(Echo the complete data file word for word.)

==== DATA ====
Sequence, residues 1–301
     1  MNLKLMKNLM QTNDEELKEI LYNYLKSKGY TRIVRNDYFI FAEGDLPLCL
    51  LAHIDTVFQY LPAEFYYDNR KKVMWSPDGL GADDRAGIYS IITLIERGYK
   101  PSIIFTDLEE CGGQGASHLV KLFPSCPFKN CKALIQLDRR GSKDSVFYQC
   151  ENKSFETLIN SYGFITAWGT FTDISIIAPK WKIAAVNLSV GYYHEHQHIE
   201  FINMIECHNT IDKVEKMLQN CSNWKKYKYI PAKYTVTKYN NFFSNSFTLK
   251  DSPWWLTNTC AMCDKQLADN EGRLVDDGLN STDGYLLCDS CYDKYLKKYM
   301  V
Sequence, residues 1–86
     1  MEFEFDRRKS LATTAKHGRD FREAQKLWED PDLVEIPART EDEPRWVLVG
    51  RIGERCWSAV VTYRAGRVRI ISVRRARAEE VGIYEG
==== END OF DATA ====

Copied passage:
Sequence, residues 1–301
     1  MNLKLMKNLM QTNDEELKEI LYNYLKSKGY TRIVRNDYFI FAEGDLPLCL
    51  LAHIDTVFQY LPAEFYYDNR KKVMWSPDGL GADDRAGIYS IITLIERGYK
   101  PSIIFTDLEE CGGQGASHLV KLFPSCPFKN CKALIQLDRR GSKDSVFYQC
   151  ENKSFETLIN SYGFITAWGT FTDISIIAPK WKIAAVNLSV GYYHEHQHIE
   201  FINMIECHNT IDKVEKMLQN CSNWKKYKYI PAKYTVTKYN NFFSNSFTLK
   251  DSPWWLTNTC AMCDKQLADN EGRLVDDGLN STDGYLLCDS CYDKYLKKYM
   301  V
Sequence, residues 1–86
     1  MEFEFDRRKS LATTAKHGRD FREAQKLWED PDLVEIPART EDEPRWVLVG
    51  RIGERCWSAV VTYRAGRVRI ISVRRARAEE VGIYEG